1. What is your job title?
Director of Institutional Research at the University of Hawai`i – West O`ahu.
2. Briefly, how would you describe your role in terms of your place in your institution?
I’m the Director of a small, two-person IR office at a regional four-year undergraduate university with an enrolment of just over 3,000 students. Since our student information system and data warehouse are managed centrally by our System Office, my office tends to focus more on analysis opposed to data management and report automation.
My role entails providing decision support to senior leadership, which includes providing analyses that not only provide historical context, but also help decision-makers evaluate possible outcomes and return-on-investment. Examples of data analysis projects we commonly work on are estimating student price response, enrolment prediction analysis, and evaluating program effectiveness for some of our federally funded student programs.
3. From your perspective, what are the emerging areas of interest in institutional research?
With the emergence of ‘big data’ and the power of new predictive tools and techniques, I see more institutional research offices moving beyond their reporting duties towards more analytical and predictive territories. As a result, the traditional IR function is becoming more of a steward and teacher of data, instead of a back-office reporting operation.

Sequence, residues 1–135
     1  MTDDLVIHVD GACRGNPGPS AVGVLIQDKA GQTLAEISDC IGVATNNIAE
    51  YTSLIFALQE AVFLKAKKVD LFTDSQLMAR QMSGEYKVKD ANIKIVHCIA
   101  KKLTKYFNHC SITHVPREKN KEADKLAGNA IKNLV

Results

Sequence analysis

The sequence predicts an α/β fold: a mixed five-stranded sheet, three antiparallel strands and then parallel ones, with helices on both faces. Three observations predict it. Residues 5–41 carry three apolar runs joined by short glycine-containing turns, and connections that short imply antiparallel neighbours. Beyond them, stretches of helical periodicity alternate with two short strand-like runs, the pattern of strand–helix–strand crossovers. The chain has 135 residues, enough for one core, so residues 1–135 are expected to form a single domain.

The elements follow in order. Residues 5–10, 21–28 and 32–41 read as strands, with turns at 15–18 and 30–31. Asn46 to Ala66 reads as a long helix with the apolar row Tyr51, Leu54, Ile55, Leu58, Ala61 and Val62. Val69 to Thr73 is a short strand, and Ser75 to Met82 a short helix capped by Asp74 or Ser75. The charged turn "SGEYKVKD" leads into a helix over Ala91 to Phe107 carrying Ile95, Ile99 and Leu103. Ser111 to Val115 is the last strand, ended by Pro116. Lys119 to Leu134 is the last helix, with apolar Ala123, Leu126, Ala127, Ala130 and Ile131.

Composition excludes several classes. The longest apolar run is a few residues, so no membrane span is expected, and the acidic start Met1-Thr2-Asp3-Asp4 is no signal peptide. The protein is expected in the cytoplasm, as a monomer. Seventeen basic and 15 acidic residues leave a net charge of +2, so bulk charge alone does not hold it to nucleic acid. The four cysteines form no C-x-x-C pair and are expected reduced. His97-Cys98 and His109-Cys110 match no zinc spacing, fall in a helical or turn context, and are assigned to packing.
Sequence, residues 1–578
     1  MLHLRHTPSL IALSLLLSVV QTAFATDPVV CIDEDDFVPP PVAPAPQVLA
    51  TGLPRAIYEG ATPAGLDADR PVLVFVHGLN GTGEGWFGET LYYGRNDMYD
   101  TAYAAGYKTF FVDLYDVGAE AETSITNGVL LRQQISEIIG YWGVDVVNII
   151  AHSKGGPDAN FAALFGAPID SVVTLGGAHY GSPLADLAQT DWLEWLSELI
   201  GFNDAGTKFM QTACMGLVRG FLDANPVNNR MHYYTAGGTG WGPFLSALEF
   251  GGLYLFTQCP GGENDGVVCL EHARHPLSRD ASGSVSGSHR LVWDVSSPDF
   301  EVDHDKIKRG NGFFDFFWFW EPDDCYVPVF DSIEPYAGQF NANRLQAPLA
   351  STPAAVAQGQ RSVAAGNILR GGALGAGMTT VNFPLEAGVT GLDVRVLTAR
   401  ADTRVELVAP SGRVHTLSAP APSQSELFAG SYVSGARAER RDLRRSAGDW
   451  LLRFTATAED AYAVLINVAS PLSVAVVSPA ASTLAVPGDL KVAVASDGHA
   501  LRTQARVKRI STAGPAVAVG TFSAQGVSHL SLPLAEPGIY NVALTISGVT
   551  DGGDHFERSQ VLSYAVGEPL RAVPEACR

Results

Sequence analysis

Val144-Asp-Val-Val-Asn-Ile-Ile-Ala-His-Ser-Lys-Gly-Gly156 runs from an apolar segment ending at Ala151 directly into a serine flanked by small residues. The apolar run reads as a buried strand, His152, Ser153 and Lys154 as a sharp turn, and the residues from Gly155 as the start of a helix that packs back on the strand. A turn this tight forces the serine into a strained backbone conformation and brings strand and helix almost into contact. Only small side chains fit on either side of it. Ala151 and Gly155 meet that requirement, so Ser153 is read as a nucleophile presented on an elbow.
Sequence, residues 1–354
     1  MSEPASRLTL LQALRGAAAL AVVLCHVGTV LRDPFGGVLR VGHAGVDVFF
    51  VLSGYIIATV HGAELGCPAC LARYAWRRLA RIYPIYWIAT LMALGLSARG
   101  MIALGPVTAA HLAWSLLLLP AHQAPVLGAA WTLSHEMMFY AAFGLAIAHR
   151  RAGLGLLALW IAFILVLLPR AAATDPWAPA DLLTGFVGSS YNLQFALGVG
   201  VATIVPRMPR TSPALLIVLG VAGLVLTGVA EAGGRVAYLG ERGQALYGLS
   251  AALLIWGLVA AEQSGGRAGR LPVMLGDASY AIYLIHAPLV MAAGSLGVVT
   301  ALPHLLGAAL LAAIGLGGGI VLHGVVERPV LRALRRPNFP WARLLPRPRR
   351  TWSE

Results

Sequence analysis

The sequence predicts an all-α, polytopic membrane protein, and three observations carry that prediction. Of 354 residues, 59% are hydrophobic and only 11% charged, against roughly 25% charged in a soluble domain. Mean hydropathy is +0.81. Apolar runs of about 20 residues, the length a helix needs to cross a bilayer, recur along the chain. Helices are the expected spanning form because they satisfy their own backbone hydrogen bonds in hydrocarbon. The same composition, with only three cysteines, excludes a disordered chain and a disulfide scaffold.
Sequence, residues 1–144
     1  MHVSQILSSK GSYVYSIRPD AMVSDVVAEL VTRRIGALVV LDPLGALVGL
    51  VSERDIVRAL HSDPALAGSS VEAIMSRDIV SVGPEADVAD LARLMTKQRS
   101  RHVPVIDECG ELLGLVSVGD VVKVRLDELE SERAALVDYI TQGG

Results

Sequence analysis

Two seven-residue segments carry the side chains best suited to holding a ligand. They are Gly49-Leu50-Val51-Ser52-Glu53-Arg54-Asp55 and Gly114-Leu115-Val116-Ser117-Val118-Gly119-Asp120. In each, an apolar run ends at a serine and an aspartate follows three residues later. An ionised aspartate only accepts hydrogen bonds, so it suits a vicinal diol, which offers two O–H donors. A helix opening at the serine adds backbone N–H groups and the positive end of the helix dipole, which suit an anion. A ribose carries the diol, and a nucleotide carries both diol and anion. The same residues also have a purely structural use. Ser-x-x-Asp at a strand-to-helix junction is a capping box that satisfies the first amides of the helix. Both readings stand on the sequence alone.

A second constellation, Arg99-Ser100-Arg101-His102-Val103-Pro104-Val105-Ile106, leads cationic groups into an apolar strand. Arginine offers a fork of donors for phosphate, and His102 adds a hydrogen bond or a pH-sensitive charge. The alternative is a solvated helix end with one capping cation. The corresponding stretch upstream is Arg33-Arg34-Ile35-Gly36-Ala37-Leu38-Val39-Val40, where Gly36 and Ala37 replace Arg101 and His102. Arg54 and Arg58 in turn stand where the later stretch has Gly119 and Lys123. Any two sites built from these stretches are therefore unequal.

4. What do you believe will be the future priorities for institutional research?
There was a time when institutional research was more strongly grounded in empirical research and scholarship. I believe the field has moved away from this. New technology—using machine learning, for example—has made it easier to run explanatory and predictive models at the click of a button. One challenge is that these ‘point and click’ models are often untethered from model fit criteria and path analytical logic (e.g. causality, directionality). The results are not always intuitive to decision makers and often vary from what’s rendered using a traditional stats-informed process. Regardless of methods, I believe a priority for IR should be ensuring that subjective decisions governing what’s included in a model are made and that they are ideally based on empirical cumulative research.
5. Complete this statement: In my role, I can’t operate effectively without …
…my assistant, Christi Palacat, who is an amazing analyst and programmer. She is working hard to develop her statistical and programming skills simultaneously, which is a rare combination that will take her far. I hope she can travel with me to the AAIR forum in 2020! Also, my friend and mentor, Dr Serge Herzog who has taught me more about research and analysis than I could have ever learned on my own.
Would you like to feature in the ‘Institutional Researcher’s Corner’ segment of our newsletter, The Institutional Researcher? Contact our trusty editors with the answers to 5 simple questions, and we’ll feature you in an upcoming issue.
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